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Michael Begg/Mélenchon Brève  'One True Vine'  CD

Michael Begg/Mélenchon Brève 'One True Vine' CD

£10.00
30.11.17  Another new release from Mr. Begg, this being a very musical, almost pastoral, set of tracks.
From the label : ONE TRUE VINE, ensemble works of reflection and devotion, by Michael Begg | Mélenchon Brève, was released by Omnempathy on 20th November 2017.
The songs were recorded in L’Eglise Ste. Kacey, Samöens, and assembled and mixed at Captains Quarters, East Lothian.
As with several previous Omnempathy releases, this recording is notated “a pocket of resistance”
Details will remain necessarily brief but it can be suggested that the work comprises 16th century melancholy, 19th century Romanticism and 21st century longing.
REVIEW FROM VITAL WEEKLY : Very hot on the heels on ‘Titan: A Crane Is A Bridge’ (see Vital Weekly 1104) there is already a new album by Michael Begg, erstwhile known as Human Greed and as a member of Fovea Hex. here he teams up with Mélenchon Brève, of whom I never heard. Discogs list just this release with this person (gender unknown). I couldn’t find any information as the website from Begg just says this about the album: “details will remain necessarily brief but it can be suggested that the work comprises 16th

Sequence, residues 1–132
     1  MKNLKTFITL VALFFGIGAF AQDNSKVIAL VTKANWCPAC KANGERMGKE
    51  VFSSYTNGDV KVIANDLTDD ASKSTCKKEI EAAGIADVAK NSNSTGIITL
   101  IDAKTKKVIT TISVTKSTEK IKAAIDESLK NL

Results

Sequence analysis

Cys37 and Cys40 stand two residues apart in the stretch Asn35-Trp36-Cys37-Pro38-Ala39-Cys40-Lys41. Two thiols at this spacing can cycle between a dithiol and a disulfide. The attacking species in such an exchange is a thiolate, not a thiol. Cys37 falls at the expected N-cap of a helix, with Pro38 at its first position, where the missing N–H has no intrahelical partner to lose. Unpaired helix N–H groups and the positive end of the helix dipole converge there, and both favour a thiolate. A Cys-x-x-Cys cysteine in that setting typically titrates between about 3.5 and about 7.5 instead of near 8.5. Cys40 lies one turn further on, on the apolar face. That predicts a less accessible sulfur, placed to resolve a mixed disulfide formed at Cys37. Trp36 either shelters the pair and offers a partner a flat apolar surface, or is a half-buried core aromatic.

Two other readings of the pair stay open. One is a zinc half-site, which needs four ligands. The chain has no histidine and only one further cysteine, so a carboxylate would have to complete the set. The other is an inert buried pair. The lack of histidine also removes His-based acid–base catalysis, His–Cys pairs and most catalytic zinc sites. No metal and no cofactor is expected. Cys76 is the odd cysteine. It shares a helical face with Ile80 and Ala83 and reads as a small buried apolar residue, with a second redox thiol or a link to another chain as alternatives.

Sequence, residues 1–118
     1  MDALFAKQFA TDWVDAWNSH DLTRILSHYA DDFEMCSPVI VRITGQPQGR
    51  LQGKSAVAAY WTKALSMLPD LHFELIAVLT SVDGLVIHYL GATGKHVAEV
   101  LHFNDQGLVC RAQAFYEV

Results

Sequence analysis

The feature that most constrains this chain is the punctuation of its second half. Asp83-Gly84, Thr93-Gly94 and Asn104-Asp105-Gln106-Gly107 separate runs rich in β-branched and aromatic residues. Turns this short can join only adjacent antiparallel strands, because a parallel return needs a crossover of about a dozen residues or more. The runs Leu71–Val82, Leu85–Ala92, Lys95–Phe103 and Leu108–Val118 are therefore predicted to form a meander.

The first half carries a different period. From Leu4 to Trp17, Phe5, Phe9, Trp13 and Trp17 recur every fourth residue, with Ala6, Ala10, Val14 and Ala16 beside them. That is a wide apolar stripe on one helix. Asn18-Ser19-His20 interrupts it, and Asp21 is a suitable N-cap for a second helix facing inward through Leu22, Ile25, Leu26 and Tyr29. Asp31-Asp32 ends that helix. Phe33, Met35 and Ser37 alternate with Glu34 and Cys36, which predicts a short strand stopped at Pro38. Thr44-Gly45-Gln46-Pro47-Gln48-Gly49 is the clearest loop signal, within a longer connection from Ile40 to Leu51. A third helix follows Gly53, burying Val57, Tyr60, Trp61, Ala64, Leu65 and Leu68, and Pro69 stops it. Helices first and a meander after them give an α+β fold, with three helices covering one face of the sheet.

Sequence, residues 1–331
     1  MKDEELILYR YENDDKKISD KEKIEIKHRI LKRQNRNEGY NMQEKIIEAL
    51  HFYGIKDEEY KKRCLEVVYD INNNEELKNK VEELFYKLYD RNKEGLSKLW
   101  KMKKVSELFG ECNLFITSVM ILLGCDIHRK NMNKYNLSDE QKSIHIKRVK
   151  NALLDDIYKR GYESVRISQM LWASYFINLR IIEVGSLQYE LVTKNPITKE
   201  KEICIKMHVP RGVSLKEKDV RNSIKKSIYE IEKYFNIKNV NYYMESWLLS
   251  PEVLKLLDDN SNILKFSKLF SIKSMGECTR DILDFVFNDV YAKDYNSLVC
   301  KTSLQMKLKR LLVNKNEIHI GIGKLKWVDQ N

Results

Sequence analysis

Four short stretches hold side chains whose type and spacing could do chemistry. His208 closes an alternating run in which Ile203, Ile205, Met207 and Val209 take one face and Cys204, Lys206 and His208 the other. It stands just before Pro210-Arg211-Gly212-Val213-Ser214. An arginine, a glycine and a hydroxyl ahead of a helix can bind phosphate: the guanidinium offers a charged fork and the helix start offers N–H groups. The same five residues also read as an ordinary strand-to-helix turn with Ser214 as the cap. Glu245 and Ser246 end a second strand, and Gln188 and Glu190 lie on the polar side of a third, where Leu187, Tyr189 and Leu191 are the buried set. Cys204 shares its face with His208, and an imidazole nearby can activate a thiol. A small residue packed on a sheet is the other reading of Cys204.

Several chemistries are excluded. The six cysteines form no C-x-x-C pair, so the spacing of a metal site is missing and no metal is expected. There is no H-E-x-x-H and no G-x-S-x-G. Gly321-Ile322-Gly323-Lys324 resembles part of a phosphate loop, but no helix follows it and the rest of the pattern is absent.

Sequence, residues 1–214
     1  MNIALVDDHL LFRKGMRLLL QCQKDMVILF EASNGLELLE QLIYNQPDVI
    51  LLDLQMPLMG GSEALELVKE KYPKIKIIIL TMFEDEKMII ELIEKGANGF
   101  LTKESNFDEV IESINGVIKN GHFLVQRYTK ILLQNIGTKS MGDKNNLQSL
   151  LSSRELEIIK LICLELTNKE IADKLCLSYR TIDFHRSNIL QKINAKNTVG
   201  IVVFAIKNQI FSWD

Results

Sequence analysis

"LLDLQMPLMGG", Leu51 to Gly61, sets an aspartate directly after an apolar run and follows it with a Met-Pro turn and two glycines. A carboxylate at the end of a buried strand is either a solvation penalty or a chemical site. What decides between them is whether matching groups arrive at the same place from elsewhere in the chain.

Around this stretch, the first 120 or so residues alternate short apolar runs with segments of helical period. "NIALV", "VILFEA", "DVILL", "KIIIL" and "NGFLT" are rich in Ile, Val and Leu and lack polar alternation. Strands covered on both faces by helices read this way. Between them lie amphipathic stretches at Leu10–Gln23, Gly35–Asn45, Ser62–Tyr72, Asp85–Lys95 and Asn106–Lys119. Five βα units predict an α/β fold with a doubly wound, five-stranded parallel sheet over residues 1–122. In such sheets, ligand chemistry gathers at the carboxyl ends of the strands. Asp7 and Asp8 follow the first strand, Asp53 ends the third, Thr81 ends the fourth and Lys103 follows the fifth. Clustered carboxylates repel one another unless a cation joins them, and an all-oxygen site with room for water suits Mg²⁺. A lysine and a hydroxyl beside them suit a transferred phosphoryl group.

century melancholy, 19th century romance and 21st century longing”, which is indeed as brief as you can get. It also says this: “The songs were recorded in L’Eglise Ste. Kacey, Samöens, and assembled and mixed at Captains Quarters, East Lothian”. And yet there are words, sentences or explanations (perhaps) for each of the eleven pieces. That can be like this: “In the Old Style - refers back to the broken analogue synths of early Human Greed records. This is surfing multiple channels of feedback with grace and patience as the view of those winter mountains unfolds ahead of a clockwork train”, which is clear enough I should think, to “”Light the Fires. We are auditioning for bell ringers. This track, bogged in mediaeval romanticism is perhaps closer to Russian Sci-Fi than would make any of us comfortable”. To which sounds a rather orchestral piece of music. It’s the eight piece on the release and up to that point it was all rather subdued ambient music, formed by the long sustaining of synthesized tones and an occasional piano, or so it seemed, from this point on it seems more like processed orchestral samples, cello, violin, timpani and such like. Here I can see, perhaps, the 19th century romantic music as referred to on the website. But then I went back to the beginning of the CD, played it again and suddenly it all seemed to be about orchestral sounds and a lot less with synthesizers. The voices of ‘Bury The Choir In Fifteen Feet Of Snow’ gave that 16th century melancholy (of course: I think. I am not that old) and the whole thing sounded in the end like a very curious mixture of modern classical music (think Arvo Pärt) and ambient music (think Eno, Begg himself or perhaps any of your own favourites). The more I heard this, the more it grew on me. This is an excellent release. (FdW)

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